Whilst so naturally delving into its themes of female sexuality, simply posing and exploring points for discussion without any provocative proclamations, the film also opens doors for points about male body positivity, alongside shared views and worries. While Nancy prepares herself in the bathroom, Leo looks at himself in the mirror, scanning his body, thoughts clearly rushing through his mind. Such shots are filled with subtleties in McCormack’s fine performance as his character hides plenty of personal details – he claims to tell his potentially distant mum and brother that he works on an oil rig instead of as a sex worker. Again, such elements are simply posed as natural facts. Things that happen.

There’s much power within what the film displays and the way in which it goes about showing certain details. It’s not in the matter of fact nature, but the way in which the characters discuss, behave and act when noone else is around, before gradually opening up to each other. Hints and moments of tenderness, both personally and jointly intimate – “it’s not vain to enjoy your body, to love it” – which are subtly dotted throughout the key details of the characters and their behaviours. It adds to the feelings of thought and care that have clearly gone into making this, and it allows more for the mind to ponder while simply being caught up in the entertainment of the film.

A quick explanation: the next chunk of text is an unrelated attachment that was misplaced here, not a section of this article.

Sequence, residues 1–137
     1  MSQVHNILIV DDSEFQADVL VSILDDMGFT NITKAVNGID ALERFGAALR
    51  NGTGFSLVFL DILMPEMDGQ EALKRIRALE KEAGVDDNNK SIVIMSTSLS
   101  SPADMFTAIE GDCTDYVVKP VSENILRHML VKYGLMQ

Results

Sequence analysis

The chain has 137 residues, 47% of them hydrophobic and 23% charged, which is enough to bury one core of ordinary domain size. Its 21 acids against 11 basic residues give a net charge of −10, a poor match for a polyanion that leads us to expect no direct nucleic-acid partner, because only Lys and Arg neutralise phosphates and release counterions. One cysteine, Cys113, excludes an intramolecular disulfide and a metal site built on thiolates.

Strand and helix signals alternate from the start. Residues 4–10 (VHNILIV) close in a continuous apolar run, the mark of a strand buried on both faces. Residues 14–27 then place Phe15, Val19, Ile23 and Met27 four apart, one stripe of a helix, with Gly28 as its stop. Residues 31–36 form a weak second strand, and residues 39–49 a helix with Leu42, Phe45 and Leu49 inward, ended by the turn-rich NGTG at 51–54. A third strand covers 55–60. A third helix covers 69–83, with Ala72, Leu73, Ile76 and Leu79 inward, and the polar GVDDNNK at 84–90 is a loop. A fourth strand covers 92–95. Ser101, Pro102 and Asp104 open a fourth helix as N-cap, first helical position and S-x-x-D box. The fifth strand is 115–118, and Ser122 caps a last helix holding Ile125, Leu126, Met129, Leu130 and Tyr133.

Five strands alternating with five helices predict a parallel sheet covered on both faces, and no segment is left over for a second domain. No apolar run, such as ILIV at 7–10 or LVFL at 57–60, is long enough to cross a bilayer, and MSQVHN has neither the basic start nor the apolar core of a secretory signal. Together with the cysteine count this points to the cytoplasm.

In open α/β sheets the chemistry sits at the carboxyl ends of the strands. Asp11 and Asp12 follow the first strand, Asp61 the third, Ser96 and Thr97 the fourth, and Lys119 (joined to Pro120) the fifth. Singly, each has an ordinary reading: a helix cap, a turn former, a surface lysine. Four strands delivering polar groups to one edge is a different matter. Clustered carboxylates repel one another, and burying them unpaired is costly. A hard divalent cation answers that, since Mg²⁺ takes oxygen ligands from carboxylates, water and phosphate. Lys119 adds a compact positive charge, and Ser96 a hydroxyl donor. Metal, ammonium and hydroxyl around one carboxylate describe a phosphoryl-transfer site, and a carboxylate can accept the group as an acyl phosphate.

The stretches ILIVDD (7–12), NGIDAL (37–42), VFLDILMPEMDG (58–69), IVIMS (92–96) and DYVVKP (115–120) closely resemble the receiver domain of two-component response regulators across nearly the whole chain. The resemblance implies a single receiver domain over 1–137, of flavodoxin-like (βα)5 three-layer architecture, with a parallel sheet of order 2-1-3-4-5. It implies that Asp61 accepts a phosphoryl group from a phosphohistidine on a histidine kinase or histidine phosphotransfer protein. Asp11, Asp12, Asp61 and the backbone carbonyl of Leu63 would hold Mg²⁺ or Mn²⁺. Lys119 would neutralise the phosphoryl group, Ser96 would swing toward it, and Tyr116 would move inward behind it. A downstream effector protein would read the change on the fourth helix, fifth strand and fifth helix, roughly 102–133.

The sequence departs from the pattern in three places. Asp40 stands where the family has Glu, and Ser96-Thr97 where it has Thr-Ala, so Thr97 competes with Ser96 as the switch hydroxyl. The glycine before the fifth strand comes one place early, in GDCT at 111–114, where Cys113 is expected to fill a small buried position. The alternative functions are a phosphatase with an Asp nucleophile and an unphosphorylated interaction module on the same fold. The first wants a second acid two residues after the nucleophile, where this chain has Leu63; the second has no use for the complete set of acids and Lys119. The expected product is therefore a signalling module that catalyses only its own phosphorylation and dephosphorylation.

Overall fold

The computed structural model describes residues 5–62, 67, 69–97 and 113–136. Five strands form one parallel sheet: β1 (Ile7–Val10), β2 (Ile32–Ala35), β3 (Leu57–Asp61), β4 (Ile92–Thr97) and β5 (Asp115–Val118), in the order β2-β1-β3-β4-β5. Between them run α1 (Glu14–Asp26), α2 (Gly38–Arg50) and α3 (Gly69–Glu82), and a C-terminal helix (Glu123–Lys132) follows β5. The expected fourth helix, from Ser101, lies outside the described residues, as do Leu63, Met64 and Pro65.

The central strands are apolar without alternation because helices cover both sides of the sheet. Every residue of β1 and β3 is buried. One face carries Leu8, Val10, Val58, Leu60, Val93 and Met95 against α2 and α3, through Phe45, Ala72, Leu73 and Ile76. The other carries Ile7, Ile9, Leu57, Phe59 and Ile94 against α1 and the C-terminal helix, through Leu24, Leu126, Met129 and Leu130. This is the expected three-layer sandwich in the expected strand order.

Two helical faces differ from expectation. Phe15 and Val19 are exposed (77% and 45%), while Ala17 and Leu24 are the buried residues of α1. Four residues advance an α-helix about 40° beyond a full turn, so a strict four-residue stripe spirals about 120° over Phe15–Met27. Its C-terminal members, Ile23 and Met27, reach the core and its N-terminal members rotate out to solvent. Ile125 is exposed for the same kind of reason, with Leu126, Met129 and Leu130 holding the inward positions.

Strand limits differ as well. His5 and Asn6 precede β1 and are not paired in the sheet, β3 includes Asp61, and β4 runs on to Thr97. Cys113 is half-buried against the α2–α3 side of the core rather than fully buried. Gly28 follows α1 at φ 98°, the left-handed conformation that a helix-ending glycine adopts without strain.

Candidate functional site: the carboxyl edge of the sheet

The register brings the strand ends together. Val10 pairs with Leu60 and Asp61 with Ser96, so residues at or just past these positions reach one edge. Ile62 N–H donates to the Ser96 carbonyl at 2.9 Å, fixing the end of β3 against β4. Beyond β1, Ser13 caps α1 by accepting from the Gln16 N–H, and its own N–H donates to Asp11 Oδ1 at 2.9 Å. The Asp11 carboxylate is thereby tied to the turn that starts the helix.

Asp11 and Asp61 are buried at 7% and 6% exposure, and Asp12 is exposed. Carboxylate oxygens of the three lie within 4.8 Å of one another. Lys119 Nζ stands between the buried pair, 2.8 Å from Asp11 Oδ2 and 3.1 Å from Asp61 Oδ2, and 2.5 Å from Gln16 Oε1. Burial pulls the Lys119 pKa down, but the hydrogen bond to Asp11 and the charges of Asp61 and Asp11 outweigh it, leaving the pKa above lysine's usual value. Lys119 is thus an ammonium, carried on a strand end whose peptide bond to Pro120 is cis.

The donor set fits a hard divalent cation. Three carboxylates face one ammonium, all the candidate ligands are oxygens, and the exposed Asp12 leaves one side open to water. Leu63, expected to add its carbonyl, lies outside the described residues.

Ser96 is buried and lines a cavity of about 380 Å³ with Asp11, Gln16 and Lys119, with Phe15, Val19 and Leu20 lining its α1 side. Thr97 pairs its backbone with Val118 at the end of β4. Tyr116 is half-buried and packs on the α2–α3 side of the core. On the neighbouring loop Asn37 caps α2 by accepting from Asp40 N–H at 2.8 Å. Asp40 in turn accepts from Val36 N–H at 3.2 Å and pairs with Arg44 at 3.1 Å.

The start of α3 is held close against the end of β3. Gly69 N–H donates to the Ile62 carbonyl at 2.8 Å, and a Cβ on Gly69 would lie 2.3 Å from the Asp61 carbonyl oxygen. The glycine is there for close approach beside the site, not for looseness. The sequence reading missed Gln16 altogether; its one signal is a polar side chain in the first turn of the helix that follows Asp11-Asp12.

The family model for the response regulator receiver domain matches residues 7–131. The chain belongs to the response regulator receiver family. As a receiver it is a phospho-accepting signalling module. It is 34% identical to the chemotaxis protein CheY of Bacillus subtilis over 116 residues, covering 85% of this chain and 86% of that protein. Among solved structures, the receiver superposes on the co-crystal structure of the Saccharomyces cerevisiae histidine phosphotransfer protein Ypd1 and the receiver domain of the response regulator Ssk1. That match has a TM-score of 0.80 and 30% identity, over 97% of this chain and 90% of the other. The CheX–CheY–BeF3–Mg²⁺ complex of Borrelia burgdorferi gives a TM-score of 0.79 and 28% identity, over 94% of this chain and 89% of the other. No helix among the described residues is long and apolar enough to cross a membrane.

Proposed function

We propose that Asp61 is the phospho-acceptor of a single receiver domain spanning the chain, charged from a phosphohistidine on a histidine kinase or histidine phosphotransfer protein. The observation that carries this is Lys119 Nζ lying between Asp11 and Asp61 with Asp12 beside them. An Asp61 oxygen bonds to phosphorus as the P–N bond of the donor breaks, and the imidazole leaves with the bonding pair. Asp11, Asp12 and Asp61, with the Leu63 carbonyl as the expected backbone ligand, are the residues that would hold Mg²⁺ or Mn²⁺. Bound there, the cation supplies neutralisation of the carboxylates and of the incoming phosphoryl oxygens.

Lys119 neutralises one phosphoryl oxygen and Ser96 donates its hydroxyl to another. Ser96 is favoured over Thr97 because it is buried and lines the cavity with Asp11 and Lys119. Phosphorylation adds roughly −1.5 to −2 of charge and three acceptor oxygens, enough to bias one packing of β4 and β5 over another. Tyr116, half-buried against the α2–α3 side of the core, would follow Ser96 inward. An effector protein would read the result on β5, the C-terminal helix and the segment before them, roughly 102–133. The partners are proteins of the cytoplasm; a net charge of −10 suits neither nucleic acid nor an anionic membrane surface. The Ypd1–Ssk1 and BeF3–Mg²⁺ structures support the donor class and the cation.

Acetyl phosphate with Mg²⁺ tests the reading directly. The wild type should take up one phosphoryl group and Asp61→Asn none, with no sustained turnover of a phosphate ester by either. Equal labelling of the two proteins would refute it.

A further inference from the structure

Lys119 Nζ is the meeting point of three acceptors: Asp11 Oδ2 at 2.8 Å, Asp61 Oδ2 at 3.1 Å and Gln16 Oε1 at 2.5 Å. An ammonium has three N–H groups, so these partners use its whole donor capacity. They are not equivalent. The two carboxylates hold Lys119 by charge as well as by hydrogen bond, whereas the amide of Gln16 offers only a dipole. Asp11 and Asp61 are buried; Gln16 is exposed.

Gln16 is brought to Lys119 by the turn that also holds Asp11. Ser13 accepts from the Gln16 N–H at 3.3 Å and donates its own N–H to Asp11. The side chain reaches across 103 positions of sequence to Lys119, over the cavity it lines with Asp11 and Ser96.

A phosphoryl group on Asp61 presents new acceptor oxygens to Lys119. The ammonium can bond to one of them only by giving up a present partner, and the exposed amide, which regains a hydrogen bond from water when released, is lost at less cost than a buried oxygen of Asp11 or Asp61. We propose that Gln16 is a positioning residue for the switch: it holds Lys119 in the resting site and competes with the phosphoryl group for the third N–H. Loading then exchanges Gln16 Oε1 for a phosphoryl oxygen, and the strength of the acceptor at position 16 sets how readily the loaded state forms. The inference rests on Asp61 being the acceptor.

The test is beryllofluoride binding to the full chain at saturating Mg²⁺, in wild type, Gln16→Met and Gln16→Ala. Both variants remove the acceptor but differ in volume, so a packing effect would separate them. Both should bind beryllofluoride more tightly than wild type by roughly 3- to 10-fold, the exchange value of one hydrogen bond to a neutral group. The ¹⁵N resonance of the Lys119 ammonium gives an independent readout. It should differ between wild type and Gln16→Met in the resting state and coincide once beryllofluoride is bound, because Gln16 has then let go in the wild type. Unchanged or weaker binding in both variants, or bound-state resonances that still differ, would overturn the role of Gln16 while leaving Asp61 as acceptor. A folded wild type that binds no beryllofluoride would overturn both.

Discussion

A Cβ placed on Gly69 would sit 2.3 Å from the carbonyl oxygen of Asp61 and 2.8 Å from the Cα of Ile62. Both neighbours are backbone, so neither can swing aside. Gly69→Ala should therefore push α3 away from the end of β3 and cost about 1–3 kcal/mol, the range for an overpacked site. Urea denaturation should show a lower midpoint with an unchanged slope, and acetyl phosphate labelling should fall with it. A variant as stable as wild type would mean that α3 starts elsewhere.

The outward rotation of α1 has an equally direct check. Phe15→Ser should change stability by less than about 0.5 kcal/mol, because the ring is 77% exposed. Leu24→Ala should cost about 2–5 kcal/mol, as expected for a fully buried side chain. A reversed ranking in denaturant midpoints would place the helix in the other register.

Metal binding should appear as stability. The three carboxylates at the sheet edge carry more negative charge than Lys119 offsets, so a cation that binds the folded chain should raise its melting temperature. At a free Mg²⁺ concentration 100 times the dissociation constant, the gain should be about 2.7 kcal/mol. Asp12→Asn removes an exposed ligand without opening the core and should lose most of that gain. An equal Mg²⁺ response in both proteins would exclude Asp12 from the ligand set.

It shouldn’t be ignored just how funny Good Luck To You, Leo Grande is. From the initial hesitation and anxieties which create a slight air of awkwardness, although never entering cringe-comedy, to Thompson’s shocked blurtings and increasing desires to explore different positions there’s a lot to delight in in terms of the humour that’s presented. Frequently laugh out loud funny the chemistry between the central pairing, and the fine screenplay which they add effectiveness to, you easily believe in the on-screen figures and find interest and amusement within their ventures. The lightness and humour make those snaps – as if you can literally hear the click of the finger, or the cord to the lightbulb – all the more poignant. Allowing for a moment not to pause, but to reflect on what’s been seen so far, what’s happening now and the points which the film poses and discusses, again in 2022. Like the characters grow to be, the film is unashamed about what it is and what it poses to the audience. It’s a film for natural openings of conversation that will likely be highly effective in doing just that, doing so in a wonderfully entertaining way.

Naturally and positively unashamed, Good Luck To You, Leo Grande feels like an original breath of fresh air. Funny, thoughtful and excellently executing its ‘snaps’ to round of its themes, there’s a lot to like. And the conversations sprouted from it may be as interesting as the film itself.

Rating: 4 out of 5.